ALEX Salmond has accused Nicola Sturgeon of causing "total consternation" in the independence movement due to her "lack of urgency". 

The former first minister criticised Ms Sturgeon's comments last week that she wanted an independence referendum in the first half of the next parliamentary term, but that it "depends on the situation with Covid".

Mr Salmond said it "seems to be that Scotland will not 'be free until after 2023'". 

In a statement, he said: "Now that the campaign hiatus has ended we are picking up the constitutional debate.

"Nicola Sturgeon's comments last week about an independence referendum in 2023 or later have caused total consternation in the national movement.  

READ MORE: Prince Philip: Nicola Sturgeon leads Holyrood condolences to 'extraordinary' Duke of Edinburgh

"It seems to be that Scotland will not 'be free until after 2023', more seriously it seems to indicate a lack of urgency on bringing the independence question to a decision.

"The reality is that Scottish independence is not an alternative to economic recovery from Covid, it is an essential part of building a new, different and better society.  

"For Alba independence is the priority which is why we are putting it front and centre in the election campaign.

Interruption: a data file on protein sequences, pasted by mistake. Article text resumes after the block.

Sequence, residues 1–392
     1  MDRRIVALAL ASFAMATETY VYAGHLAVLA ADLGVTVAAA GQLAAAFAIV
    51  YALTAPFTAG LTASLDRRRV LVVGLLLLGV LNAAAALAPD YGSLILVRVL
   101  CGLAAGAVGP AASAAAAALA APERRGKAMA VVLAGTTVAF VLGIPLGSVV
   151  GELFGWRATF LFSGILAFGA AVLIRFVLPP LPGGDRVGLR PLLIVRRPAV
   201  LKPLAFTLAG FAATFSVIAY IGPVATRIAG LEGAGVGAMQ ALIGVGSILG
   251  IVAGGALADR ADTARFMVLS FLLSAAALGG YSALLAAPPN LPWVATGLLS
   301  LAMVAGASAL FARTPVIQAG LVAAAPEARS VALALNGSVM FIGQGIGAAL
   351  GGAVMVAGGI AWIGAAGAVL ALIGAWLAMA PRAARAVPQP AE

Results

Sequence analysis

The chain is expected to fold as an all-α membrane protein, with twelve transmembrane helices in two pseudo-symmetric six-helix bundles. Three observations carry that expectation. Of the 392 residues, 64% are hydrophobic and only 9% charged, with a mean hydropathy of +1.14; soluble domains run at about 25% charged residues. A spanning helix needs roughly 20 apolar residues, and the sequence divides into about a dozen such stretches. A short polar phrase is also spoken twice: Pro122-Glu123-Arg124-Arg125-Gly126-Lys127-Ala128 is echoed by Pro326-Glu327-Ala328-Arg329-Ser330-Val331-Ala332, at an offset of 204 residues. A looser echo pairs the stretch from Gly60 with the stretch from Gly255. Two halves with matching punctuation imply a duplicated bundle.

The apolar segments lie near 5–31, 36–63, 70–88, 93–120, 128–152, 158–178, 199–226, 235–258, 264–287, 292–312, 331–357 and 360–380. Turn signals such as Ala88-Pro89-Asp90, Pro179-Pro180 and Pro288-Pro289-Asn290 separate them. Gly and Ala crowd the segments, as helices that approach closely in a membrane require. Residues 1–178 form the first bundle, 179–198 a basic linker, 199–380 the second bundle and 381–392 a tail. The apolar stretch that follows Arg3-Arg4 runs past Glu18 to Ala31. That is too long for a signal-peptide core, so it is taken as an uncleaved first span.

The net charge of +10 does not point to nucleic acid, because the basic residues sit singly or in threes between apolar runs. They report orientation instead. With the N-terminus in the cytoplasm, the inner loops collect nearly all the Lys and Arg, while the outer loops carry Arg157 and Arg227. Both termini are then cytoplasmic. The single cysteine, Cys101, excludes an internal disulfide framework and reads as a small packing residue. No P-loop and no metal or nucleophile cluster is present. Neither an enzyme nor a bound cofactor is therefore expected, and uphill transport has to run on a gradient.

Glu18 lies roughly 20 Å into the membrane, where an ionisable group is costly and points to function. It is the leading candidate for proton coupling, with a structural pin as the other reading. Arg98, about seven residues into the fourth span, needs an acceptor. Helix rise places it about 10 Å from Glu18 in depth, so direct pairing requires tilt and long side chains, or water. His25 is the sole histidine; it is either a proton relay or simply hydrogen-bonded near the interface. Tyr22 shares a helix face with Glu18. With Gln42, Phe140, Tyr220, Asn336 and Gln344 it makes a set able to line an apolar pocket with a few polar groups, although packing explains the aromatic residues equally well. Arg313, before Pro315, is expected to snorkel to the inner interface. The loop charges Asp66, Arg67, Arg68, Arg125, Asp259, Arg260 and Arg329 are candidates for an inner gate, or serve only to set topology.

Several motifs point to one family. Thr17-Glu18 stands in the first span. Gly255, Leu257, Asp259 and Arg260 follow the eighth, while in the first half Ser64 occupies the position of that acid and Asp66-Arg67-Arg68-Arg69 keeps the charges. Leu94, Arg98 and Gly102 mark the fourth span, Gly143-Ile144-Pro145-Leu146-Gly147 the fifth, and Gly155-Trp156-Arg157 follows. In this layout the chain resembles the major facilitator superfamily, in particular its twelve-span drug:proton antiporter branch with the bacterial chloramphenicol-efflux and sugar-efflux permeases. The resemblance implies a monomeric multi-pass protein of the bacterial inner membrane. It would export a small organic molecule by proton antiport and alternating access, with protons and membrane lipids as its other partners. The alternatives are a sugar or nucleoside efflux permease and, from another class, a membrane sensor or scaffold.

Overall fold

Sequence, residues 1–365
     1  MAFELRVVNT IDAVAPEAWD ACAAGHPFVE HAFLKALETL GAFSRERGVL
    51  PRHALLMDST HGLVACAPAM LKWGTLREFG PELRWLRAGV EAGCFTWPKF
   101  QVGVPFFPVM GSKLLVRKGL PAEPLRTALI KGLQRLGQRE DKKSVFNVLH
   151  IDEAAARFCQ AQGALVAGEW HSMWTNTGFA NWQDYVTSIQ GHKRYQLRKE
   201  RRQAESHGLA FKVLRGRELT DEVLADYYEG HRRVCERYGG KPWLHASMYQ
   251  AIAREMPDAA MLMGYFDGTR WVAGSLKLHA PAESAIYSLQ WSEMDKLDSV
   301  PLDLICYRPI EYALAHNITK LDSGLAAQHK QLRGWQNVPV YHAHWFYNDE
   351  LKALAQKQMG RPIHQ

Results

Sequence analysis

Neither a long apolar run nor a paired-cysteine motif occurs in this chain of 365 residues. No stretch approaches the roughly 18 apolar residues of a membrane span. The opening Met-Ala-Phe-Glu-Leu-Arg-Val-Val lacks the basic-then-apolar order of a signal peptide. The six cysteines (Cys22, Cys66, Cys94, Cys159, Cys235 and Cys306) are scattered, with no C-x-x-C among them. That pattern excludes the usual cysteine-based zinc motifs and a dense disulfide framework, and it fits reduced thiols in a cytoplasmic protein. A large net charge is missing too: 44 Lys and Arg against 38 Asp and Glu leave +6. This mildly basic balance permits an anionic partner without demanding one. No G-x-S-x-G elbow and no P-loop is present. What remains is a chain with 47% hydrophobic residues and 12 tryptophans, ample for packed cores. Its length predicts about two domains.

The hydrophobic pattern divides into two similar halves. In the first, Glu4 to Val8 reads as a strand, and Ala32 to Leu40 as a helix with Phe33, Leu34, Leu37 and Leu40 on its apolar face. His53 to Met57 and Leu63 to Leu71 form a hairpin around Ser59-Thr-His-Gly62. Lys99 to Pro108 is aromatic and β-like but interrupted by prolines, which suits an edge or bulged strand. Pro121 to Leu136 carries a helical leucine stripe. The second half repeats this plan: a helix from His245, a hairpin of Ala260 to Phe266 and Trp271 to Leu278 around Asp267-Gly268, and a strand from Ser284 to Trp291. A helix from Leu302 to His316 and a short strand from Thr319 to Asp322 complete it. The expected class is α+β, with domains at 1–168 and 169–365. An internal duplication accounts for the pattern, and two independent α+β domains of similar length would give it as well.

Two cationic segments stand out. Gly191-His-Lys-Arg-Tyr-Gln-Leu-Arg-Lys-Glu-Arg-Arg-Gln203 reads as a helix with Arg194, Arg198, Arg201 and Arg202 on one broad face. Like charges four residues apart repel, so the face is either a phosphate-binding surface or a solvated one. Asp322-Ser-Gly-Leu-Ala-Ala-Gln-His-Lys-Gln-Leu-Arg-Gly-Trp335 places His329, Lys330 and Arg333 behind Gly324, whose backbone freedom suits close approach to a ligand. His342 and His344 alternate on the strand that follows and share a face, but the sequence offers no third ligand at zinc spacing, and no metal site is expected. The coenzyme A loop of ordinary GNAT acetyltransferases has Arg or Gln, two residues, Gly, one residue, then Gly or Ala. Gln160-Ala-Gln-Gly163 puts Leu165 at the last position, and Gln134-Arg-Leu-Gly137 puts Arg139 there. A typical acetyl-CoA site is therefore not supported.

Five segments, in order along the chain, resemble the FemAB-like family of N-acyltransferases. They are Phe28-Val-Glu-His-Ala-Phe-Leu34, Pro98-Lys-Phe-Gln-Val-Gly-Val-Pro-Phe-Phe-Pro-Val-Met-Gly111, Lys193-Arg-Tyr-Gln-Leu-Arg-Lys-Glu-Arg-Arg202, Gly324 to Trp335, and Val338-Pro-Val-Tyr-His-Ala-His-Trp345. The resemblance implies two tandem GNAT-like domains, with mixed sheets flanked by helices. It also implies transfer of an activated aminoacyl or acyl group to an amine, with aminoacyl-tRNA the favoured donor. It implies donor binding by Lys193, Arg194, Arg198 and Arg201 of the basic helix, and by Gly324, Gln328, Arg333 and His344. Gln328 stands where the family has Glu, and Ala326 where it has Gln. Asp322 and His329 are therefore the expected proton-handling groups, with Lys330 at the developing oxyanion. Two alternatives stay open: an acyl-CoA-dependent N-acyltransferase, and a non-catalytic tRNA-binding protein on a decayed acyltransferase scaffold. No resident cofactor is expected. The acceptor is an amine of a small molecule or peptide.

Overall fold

"In the power balance that will emerge post election between Scotland and Westminster it is fundamentally true that Boris Johnson will find it substantially more difficult taking on a parliament with an independence supermajority representing a country than he will in framing the debate as party against party, Prime Minister against First Minister.

"Independence is a matter of the national interest not the preserve of one political party as is becoming clear in this election.”

Ms Sturgeon previously dismissed Mr Salmond's talk of an independence supermajority as "daft rhetoric". 

Last week, she said criticism from Alba supporters that she had been too slow in pursuing independence was “nonsense”.

She said: “My preference would be to have the referendum and offer the choice to the people of Scotland within the first half of the parliament, which is a period that runs until the end of 2023.

READ MORE: Nicola Sturgeon - Boris Johnson will not stand in the way of Indyref2

"If in terms of whether that can definitely happen and if so where within that timespan a referendum would actually happen depends on the situation with Covid.

"Right now we are still in the teeth of an acute phase of a pandemic, people are still living under very serious restrictions and as long as that continues, not least because people wouldn't be able to campaign properly.

"We are finding the restrictions of this campaign difficult enough, so for a whole host of reasons we need to get out of the crisis of Covid and then put that choice to the people of Scotland.

"So my preference is within the first half of the parliament but of course the demands and realities of Covid have to be what guides that decision."